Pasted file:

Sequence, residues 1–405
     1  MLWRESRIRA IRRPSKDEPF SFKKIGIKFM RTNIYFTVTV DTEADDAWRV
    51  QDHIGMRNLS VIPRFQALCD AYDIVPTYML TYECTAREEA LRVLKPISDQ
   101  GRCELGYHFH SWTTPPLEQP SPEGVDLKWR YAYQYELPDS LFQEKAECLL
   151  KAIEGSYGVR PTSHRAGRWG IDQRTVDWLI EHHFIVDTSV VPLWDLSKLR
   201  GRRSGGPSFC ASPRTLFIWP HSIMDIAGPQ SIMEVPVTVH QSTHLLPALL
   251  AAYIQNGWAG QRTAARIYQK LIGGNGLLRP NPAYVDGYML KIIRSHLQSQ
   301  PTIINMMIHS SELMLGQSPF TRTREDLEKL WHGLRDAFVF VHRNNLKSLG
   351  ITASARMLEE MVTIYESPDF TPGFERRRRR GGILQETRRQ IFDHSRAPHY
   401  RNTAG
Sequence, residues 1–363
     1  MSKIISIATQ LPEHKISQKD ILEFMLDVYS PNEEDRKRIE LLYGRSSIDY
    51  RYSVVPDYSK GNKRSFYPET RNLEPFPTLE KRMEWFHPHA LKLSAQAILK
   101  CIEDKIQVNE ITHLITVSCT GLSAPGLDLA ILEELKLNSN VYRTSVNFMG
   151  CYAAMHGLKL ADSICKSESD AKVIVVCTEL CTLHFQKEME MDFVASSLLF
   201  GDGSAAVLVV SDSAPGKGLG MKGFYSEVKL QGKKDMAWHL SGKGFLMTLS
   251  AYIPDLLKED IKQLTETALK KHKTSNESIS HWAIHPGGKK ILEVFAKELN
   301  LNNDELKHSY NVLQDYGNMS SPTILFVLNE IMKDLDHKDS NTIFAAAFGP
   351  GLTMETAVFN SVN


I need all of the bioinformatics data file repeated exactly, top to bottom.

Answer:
Sequence, residues 1–405
     1  MLWRESRIRA IRRPSKDEPF SFKKIGIKFM RTNIYFTVTV DTEADDAWRV
    51  QDHIGMRNLS VIPRFQALCD AYDIVPTYML TYECTAREEA LRVLKPISDQ
   101  GRCELGYHFH SWTTPPLEQP SPEGVDLKWR YAYQYELPDS LFQEKAECLL
   151  KAIEGSYGVR PTSHRAGRWG IDQRTVDWLI EHHFIVDTSV VPLWDLSKLR
   201  GRRSGGPSFC ASPRTLFIWP HSIMDIAGPQ SIMEVPVTVH QSTHLLPALL
   251  AAYIQNGWAG QRTAARIYQK LIGGNGLLRP NPAYVDGYML KIIRSHLQSQ
   301  PTIINMMIHS SELMLGQSPF TRTREDLEKL WHGLRDAFVF VHRNNLKSLG
   351  ITASARMLEE MVTIYESPDF TPGFERRRRR GGILQETRRQ IFDHSRAPHY
   401  RNTAG
Sequence, residues 1–363
     1  MSKIISIATQ LPEHKISQKD ILEFMLDVYS PNEEDRKRIE LLYGRSSIDY
    51  RYSVVPDYSK GNKRSFYPET RNLEPFPTLE KRMEWFHPHA LKLSAQAILK
   101  CIEDKIQVNE ITHLITVSCT GLSAPGLDLA ILEELKLNSN VYRTSVNFMG
   151  CYAAMHGLKL ADSICKSESD AKVIVVCTEL CTLHFQKEME MDFVASSLLF
   201  GDGSAAVLVV SDSAPGKGLG MKGFYSEVKL QGKKDMAWHL SGKGFLMTLS
   251  AYIPDLLKED IKQLTETALK KHKTSNESIS HWAIHPGGKK ILEVFAKELN
   301  LNNDELKHSY NVLQDYGNMS SPTILFVLNE IMKDLDHKDS NTIFAAAFGP
   351  GLTMETAVFN SVN